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Oxburgh hangings c. 1570. Taken from the book 'Icones avium omnium' by Konrad Gesner.

Oxburgh hangings c. 1570. Taken from the book 'Icones avium omnium' by Konrad Gesner.

The Oxburgh Hangings  Object: Panel  Place of origin: Sheffield, England (probably, made)  Date: ca. 1570 (made)  Artist/Maker: Mary Queen of Scots, born 1542 - died 1587 (possibly, maker)  Elizabeth Talbot, born 1527 - died 1608 (possibly, maker)  Materials and Techniques: Embroidered linen canvas with silk, gold and silver threads  Museum number: T.33Z-1955

The Oxburgh Hangings

The Oxburgh Hangings Object: Panel Place of origin: Sheffield, England (probably, made) Date: ca. 1570 (made) Artist/Maker: Mary Queen of Scots, born 1542 - died 1587 (possibly, maker) Elizabeth Talbot, born 1527 - died 1608 (possibly, maker) Materials and Techniques: Embroidered linen canvas with silk, gold and silver threads Museum number: T.33Z-1955

Panel - The Oxburgh Hangings

Panel - The Oxburgh Hangings

Via Slate vond ik deze indrukwekkende kaart uit 1931 met 4000 jaar wereldgeschiedenis.

Via Slate vond ik deze indrukwekkende kaart uit 1931 met 4000 jaar wereldgeschiedenis.

Another beautiful piece of needlework by Mary, Queen of Scots.

Another beautiful piece of needlework by Mary, Queen of Scots.

1570-1585 - Panel possibly made by either Mary Queen of Scots or Elizabeth Talbot - Chosen as a colour reference - England, Great Britain

Panel

1570-1585 - Panel possibly made by either Mary Queen of Scots or Elizabeth Talbot - Chosen as a colour reference - England, Great Britain

This fragment of an embroidered panel depicts the skin of a 'genet' a type of civet cat. It is part of a collection of needlework known as the Oxburgh hangings. They were made between 1570 and about 1585, the work of Mary Queen of Scots during her imprisonment in England and Elizabeth (Bess) Talbot, Countess of Shrewsbury. Bess’s husband George Talbot, Earl of Shrewsbury was responsible for Mary and she stayed at one or other of the Shrewsbury estates.

Panel

This fragment of an embroidered panel depicts the skin of a 'genet' a type of civet cat. It is part of a collection of needlework known as the Oxburgh hangings. They were made between 1570 and about 1585, the work of Mary Queen of Scots during her imprisonment in England and Elizabeth (Bess) Talbot, Countess of Shrewsbury. Bess’s husband George Talbot, Earl of Shrewsbury was responsible for Mary and she stayed at one or other of the Shrewsbury estates.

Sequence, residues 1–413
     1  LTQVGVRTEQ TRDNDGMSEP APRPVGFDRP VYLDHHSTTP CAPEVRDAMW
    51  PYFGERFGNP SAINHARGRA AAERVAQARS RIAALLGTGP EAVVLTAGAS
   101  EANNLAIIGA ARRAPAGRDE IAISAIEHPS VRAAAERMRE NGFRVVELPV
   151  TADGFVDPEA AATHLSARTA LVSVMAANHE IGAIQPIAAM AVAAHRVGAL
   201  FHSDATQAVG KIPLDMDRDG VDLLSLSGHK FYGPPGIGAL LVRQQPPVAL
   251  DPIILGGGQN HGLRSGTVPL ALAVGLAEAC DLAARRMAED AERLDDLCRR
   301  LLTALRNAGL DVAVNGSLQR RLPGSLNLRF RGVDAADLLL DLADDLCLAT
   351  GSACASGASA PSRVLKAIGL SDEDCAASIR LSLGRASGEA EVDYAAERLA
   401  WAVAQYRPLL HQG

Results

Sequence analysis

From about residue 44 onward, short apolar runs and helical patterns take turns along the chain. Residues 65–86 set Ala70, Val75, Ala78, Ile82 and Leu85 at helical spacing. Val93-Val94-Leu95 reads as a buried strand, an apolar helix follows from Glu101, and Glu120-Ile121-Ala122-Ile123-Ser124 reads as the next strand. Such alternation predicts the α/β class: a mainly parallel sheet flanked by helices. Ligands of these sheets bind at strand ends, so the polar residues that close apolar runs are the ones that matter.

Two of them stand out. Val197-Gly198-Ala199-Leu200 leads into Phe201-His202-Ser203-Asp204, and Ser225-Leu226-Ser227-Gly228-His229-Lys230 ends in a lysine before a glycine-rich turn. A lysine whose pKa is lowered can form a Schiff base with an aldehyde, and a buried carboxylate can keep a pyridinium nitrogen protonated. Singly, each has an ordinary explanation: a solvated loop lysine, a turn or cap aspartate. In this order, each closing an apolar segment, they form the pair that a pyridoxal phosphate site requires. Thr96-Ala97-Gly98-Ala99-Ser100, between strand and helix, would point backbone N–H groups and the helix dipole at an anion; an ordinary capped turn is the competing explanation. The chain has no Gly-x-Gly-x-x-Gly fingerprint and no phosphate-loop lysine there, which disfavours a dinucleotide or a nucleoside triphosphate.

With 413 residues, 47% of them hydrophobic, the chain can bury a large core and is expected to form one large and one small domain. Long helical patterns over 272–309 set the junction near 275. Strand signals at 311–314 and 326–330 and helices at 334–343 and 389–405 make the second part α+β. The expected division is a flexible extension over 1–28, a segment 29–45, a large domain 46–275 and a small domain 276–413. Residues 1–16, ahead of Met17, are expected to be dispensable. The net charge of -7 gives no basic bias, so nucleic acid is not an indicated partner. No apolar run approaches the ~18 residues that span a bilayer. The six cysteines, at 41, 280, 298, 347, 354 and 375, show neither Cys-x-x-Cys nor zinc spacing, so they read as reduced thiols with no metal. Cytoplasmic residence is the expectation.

The thistle and the rose - Detail from the Treaty of Perpetual Peace (1502) between England and Scotland which was cemented by the marriage of James IV of Scotland to Princess Margaret, Henry VII’s daughter. The borders of this document illustrate the thistle (The Scottish/Stuart emblem), the Tudor rose (the Tudor emblem) and the marguerete, representing Margaret.

The thistle and the rose - Detail from the Treaty of Perpetual Peace (1502) between England and Scotland which was cemented by the marriage of James IV of Scotland to Princess Margaret, Henry VII’s daughter. The borders of this document illustrate the thistle (The Scottish/Stuart emblem), the Tudor rose (the Tudor emblem) and the marguerete, representing Margaret.

The Oxburgh Hangings, panel about 1570 Museum no. T.33II-1955 Victoria Albert Museum These panels of silk cross stitch on exposed linen ground, with couched threads in a swirling design, were originally appliqued to a velvet ground. The design of birds, animals and fish is based on the illustrations to Conrad Gesner's Icones Animalium, [] published in Zurich in 1560. The panels were embroidered by the imprisoned Mary Queen of Scots, assisted by Elizabeth, Countess of Shrewsbury.

The Oxburgh Hangings, panel about 1570 Museum no. T.33II-1955 Victoria Albert Museum These panels of silk cross stitch on exposed linen ground, with couched threads in a swirling design, were originally appliqued to a velvet ground. The design of birds, animals and fish is based on the illustrations to Conrad Gesner's Icones Animalium, [] published in Zurich in 1560. The panels were embroidered by the imprisoned Mary Queen of Scots, assisted by Elizabeth, Countess of Shrewsbury.

The Oxburgh Hangings: Embroidered panel of Jupiter, a dog belonging to Mary, Queen of Scots.  Ca. 1570-1585.

The Oxburgh Hangings

The Oxburgh Hangings: Embroidered panel of Jupiter, a dog belonging to Mary, Queen of Scots. Ca. 1570-1585.

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